- Government wins votes in parliament so far
- Lawmakers exchange catcalls, sarcastic jokes
- Pro-Brexit lawmakers fear Britain may never leave EU
- Remainers fear UK may end up with no deal
British Prime Minister Theresa May’s blueprint to leave the European Union emerged unscathed on Tuesday from a first day of debate in parliament on legislation to sever ties with the bloc.
The debate, expected to last for weeks, is on the EU withdrawal bill, seen by May as crucial to give companies confidence that there will be no major legal changes that affect business when Britain leaves the EU in March 2019.
Opponents want to use the debate to force concessions on May’s plan for leaving the bloc, but the initial challenges – including on the hour and day Britain should pull out as well as on the future role of the EU court – were voted down or dropped.
The prime minister will face tougher battles as the debate goes on, testing her ability to steer through a bill intended largely to “copy and paste” European rules and regulations into British law by the time it leaves the 28-member EU.
Her absence from parliament on Tuesday due to other engagements suggested she was not unduly worried by the initial discussion.
But the debate’s ill-tempered tone showed the level of anger in parliament with a government which some lawmakers say is mounting a power grab to force through its plans.
With catcalls, sarcastic jokes and jeers being bandied about – not just between the two main parties, as is the custom, but often within them – many of the divisions before Britain voted in June 2016 to leave the EU re-emerged.
“You’re a disgrace,” one Conservative lawmaker yelled at another, while a Labour member of parliament openly quarreled with his colleagues in the main opposition party over which way their supporters voted in last year’s referendum.
Anna Soubry, a Conservative lawmaker, went on to criticize the “bullying” tactics of the Telegraph newspaper, who published the names of those politicians in May’s party who voted against the government on the exact timing of Brexit.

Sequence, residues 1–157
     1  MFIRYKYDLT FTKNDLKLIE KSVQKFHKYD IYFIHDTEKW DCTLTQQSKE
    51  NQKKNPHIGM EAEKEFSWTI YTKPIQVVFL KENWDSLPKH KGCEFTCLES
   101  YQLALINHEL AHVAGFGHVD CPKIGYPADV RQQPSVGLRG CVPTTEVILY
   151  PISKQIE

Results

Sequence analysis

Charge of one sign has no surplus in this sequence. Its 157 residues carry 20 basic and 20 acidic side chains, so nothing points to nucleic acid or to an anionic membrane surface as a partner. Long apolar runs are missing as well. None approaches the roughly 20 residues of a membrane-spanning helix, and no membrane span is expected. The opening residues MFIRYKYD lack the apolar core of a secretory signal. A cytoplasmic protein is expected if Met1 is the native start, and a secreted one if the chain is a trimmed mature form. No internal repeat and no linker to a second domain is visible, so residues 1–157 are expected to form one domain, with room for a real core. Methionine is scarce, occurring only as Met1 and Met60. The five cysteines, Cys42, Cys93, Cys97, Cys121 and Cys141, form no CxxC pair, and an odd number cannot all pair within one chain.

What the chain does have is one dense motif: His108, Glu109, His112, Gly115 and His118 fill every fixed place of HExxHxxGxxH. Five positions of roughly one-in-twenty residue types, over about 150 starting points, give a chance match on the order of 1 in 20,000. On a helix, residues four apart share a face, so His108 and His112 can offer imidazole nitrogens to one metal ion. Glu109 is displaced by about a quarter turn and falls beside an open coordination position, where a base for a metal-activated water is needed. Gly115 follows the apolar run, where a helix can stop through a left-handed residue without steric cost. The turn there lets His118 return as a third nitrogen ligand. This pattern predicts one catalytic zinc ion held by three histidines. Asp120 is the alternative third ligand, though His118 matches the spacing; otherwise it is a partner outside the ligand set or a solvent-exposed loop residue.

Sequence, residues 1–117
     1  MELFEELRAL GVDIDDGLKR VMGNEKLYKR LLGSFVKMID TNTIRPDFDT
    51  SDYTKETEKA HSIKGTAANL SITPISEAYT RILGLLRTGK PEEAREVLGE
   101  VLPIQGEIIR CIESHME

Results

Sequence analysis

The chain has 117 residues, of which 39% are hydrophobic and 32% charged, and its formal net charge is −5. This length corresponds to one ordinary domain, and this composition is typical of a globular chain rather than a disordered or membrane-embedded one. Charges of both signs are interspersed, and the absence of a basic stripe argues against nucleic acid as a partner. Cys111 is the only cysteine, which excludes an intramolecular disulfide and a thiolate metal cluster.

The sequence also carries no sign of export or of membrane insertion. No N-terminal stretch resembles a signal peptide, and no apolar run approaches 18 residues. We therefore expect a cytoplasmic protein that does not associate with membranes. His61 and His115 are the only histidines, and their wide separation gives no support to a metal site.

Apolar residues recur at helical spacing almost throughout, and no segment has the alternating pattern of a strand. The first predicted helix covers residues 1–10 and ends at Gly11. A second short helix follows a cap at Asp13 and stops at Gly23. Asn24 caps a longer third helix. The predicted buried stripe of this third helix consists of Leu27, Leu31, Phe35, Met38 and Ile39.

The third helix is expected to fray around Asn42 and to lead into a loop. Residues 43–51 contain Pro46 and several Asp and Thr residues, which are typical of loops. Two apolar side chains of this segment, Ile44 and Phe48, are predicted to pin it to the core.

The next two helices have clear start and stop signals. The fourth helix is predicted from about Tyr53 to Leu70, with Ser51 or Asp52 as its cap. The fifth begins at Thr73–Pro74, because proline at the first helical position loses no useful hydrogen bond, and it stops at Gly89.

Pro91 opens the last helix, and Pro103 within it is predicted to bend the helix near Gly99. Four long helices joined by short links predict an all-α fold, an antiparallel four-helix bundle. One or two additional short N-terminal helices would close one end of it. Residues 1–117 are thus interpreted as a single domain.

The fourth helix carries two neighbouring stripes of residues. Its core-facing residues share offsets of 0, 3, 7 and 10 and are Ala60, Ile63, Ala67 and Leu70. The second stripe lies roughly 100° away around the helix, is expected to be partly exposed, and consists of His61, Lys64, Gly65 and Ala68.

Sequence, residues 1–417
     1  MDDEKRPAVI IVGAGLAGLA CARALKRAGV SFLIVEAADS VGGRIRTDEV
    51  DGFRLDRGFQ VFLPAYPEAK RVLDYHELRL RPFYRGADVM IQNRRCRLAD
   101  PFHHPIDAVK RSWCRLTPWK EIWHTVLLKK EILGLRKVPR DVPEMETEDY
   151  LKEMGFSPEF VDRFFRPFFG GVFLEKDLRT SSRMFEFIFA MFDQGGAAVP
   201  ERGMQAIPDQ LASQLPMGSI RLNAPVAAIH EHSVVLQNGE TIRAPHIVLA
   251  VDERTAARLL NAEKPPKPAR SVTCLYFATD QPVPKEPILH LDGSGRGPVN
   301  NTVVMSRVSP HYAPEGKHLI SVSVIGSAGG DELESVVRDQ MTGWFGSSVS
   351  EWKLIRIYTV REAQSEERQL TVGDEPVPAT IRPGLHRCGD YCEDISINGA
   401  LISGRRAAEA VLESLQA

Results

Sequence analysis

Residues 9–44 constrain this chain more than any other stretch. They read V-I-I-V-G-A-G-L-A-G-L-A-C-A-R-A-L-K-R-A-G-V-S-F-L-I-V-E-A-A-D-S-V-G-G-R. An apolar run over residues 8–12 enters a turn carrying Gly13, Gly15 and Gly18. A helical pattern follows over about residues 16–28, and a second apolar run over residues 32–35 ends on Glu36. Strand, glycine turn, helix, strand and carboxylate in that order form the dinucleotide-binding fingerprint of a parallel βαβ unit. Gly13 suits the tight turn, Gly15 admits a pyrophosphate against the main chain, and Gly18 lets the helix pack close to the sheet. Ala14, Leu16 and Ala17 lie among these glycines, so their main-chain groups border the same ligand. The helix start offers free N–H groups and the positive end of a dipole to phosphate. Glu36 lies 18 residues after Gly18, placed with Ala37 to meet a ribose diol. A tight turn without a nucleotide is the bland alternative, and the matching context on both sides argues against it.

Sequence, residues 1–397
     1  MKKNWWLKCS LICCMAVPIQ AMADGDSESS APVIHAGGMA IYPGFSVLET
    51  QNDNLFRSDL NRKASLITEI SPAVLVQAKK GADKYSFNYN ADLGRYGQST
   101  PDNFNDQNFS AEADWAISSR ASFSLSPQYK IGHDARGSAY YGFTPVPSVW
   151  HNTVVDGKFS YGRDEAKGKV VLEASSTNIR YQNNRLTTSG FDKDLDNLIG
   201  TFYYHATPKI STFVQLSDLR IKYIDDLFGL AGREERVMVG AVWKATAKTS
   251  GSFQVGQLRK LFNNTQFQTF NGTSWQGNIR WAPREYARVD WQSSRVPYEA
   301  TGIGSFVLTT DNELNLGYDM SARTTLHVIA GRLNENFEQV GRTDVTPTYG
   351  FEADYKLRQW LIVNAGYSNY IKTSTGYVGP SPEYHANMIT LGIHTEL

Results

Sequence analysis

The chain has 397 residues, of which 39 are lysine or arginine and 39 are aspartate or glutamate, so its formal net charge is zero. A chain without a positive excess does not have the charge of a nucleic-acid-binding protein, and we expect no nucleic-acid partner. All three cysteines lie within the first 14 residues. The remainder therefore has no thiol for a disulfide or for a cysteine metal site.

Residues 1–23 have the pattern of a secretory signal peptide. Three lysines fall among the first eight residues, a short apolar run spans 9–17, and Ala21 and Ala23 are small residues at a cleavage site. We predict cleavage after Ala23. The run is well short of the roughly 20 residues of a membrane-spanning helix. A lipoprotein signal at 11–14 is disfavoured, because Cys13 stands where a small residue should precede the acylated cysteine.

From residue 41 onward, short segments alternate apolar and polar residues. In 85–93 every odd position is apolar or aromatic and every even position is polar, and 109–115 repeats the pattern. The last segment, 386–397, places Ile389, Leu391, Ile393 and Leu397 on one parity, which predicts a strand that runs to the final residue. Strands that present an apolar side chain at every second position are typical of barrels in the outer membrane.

Behind the debate was the fear of pro-Brexit lawmakers that Britain may never leave the EU, and of pro-EU lawmakers who are worried Britain might crash out of the EU without a deal.
The debates go to the heart of what parliament calls “one of the largest legislative projects ever undertaken in the UK,” a process that could undermine May’s already fragile authority.
May, 61, has lost two ministers to scandals and her foreign minister, Boris Johnson, is facing calls to resign over remarks he made about a jailed Iranian-British aid worker in Iran.
The Sunday Times has reported that 40 Conservatives support a no-confidence vote.
May’s Conservative government depends on a small Northern Irish party for its majority since a June election which dented her authority, and many lawmakers – even some Conservatives – will use the debate to increase pressure.
The prime minister has tried to ease tensions by offering lawmakers some concessions on the bill before the debate began.
But her moves have not yet eased everyone’s concerns. One of her lawmakers, pro-EU Ken Clarke, ended his speech by saying: “I am a rebel.”